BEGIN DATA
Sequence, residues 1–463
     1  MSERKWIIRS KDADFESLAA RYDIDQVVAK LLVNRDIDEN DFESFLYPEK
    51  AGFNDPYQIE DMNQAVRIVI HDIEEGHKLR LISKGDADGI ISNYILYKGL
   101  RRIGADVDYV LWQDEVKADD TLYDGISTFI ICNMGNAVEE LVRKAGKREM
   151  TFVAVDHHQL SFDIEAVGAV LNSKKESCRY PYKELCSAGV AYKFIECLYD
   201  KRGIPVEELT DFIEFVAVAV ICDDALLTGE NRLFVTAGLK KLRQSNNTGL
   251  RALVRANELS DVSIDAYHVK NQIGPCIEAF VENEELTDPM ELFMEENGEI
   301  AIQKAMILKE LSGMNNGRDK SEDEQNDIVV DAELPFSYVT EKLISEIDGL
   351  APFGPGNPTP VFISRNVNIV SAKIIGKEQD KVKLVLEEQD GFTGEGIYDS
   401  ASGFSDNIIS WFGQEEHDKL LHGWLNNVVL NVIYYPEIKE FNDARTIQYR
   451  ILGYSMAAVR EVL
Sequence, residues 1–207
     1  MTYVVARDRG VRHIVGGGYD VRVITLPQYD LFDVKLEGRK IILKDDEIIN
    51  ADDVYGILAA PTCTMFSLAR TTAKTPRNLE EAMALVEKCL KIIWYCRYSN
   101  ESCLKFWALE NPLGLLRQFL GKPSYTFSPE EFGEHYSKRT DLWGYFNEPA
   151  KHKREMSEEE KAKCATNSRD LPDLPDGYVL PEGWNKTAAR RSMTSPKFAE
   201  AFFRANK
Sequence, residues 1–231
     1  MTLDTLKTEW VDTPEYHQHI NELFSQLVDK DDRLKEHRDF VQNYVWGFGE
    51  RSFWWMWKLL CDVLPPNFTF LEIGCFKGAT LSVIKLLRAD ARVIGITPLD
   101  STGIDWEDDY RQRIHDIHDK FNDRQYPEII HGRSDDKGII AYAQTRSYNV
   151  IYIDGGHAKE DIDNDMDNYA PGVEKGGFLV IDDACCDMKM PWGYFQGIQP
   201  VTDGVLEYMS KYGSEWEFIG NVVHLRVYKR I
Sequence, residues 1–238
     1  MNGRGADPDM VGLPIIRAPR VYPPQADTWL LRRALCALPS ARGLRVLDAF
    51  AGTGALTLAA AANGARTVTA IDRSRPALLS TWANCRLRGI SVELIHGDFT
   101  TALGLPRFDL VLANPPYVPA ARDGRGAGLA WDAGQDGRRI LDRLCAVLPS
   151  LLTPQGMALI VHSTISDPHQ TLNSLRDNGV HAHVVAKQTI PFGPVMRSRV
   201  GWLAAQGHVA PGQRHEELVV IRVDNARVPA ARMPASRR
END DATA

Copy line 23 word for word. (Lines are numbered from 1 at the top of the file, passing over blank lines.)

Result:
   201  VTDGVLEYMS KYGSEWEFIG NVVHLRVYKR I